Additional Diagnosis Info
Diagnosis of Alzheimers Disease and Dementia
While an official diagnosis of Alzheimers disease can only be done through an autopsy, in order to get a probable Alzheimers diagnosis and to get a dementia diagnosis you will need to visit a medical professional. With a complete medical assessment, those who are concerned about possible cognitive issues related to Alzheimers disease can get the proper diagnosis they are looking for. If you or a loved one is concerned about memory loss or other symptoms that you fear may be from Alzheimers disease or dementia, visit a health care provider right away. The sooner you are able to get a diagnosis the better off you will be.
The Importance of Diagnosis
Although a diagnosis of Alzheimers disease is technically only a probably diagnosis, it is still important to make sure that you are turning to a doctor as soon as you start to notice symptoms in a loved one. The earlier the diagnosis the better off your loved one will be. Those who are able to diagnose their condition early on will enjoy benefits such as:
- A better reaction to treatment
- More time to plan for the future
- More opportunities for participating in clinical trials and drug trials
- A better opportunity to participate in decisions about care, financial and legal matters and more
- Better care and support to help manage the disease
How to Get a Diagnosis
While there is no single test that will give you a definitive diagnosis of Alzheimers, there are a series of tests that can be performed to help show that a person likely has Alzheimers disease or that they are suffering from dementia. Typically physicians are able to diagnose with around 90% accuracy; and an early diagnosis can help make treatment and planning much easier. Here are the different steps taken to diagnose an individual with Alzheimers disease.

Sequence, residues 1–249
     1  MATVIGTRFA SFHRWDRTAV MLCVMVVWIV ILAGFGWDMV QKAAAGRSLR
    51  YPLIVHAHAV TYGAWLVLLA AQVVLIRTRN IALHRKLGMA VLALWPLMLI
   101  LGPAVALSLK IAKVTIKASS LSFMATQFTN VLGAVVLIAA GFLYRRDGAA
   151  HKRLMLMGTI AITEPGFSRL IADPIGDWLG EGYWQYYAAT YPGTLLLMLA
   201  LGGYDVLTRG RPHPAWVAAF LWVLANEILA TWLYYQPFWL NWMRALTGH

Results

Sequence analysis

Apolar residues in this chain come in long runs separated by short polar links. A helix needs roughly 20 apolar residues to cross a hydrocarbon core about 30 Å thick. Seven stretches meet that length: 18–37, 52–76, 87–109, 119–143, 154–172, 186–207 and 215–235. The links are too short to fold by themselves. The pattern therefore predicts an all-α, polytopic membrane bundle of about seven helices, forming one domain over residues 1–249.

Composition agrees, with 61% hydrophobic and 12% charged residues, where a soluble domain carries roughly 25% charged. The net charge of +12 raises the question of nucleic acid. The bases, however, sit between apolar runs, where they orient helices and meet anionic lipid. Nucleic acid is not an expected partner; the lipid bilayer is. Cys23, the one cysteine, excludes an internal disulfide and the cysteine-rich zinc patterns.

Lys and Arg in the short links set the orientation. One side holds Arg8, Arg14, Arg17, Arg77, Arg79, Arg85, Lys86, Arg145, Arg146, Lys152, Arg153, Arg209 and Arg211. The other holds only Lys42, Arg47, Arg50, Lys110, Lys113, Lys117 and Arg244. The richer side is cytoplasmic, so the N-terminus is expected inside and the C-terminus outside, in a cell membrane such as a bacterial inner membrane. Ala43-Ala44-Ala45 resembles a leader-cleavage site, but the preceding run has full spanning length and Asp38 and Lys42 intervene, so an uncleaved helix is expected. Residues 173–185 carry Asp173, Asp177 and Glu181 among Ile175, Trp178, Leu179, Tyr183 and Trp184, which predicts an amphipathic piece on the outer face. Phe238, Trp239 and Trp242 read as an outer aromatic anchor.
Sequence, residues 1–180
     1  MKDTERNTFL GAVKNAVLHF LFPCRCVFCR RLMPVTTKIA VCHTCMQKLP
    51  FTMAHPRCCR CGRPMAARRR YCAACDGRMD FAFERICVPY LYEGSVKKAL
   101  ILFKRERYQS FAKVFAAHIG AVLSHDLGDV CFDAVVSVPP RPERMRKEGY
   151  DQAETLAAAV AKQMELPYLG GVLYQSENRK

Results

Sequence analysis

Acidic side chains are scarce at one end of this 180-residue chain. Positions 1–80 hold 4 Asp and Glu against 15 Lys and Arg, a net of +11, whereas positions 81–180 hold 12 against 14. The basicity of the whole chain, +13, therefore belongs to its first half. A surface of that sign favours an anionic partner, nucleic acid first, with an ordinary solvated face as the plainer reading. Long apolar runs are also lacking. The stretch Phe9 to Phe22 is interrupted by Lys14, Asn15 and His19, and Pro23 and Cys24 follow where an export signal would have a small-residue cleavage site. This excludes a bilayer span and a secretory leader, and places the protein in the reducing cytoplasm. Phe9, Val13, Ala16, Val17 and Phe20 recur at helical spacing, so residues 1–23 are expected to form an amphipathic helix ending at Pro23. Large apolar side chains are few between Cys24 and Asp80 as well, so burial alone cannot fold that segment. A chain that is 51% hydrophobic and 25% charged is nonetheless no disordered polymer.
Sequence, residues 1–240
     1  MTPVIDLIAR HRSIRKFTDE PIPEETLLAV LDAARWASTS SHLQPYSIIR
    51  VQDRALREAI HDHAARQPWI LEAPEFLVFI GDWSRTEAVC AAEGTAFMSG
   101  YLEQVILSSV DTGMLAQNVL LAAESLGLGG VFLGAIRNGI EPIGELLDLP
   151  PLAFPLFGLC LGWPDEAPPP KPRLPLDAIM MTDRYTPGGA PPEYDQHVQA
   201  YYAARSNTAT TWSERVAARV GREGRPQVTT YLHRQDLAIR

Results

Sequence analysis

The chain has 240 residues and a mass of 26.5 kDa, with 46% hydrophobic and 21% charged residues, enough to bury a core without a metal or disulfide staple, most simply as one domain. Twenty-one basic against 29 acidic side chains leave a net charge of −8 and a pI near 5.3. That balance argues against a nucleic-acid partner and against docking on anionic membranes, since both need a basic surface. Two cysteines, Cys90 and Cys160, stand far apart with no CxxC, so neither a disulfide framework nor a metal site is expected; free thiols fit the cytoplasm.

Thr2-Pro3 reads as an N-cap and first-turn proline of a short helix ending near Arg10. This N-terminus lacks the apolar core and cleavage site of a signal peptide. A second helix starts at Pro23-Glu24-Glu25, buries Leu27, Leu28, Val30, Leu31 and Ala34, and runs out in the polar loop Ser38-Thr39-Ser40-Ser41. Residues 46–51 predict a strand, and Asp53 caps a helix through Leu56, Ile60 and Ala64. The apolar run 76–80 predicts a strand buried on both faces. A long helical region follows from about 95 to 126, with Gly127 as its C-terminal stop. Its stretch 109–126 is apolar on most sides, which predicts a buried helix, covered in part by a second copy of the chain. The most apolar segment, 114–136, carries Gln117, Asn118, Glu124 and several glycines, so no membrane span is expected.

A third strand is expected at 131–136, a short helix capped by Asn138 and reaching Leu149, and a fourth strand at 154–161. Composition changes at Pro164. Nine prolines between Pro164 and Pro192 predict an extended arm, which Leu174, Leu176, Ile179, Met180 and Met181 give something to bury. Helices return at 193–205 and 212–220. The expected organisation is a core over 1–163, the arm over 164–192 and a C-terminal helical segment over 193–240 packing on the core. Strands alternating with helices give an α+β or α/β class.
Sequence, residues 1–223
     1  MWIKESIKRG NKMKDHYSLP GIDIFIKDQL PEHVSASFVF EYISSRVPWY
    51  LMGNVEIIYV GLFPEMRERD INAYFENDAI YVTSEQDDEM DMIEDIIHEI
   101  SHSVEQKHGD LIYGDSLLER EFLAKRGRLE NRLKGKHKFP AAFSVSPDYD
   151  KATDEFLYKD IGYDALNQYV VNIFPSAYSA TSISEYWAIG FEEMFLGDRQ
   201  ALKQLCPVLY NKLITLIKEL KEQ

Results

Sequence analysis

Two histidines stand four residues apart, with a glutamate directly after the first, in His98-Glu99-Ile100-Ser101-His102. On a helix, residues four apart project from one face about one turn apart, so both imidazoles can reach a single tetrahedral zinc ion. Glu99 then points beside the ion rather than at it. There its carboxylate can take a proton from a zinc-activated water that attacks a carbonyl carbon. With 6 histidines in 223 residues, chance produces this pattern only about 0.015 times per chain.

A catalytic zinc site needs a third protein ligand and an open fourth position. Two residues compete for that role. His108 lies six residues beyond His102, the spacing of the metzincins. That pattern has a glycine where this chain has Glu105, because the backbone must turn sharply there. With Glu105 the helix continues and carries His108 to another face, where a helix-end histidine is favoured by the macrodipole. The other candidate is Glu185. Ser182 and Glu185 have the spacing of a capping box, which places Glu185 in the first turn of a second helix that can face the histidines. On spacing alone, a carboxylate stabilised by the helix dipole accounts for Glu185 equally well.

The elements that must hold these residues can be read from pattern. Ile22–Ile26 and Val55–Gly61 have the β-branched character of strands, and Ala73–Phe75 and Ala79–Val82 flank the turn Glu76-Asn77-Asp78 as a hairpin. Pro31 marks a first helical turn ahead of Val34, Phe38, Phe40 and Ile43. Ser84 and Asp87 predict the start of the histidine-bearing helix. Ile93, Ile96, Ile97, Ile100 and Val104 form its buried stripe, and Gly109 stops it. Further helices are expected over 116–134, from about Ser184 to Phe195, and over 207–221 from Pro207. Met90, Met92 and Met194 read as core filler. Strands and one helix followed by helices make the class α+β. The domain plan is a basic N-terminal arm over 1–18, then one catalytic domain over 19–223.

- A complete evaluation of a persons medical history.
- Tests performed on an individuals mental status
- Physical and neurological examinations done on the patient to determine cognitive function and memory
- Blood work, brain imaging and lab tests done to rule out other medical conditions
Keep in mind that seeing just a few symptoms of dementia such as memory loss does not always indicate that the individual has Alzheimers disease. There can be other issues causing these symptoms and many times, it is only when symptoms worsen with time that you will really know that you are dealing with a case of dementia.
In order to get the insight you are looking for, you will need to visit a doctor that you feel comfortable with. Many times your primary health care provider will be able to provide you with the tests that you need to get the insight you are looking for and they will be able to oversee the entire diagnostic process. With some special cases, you or your loved one may be referred to a specialist such as a neurologist, psychiatrist or geriatric physician for diagnosis or treatment.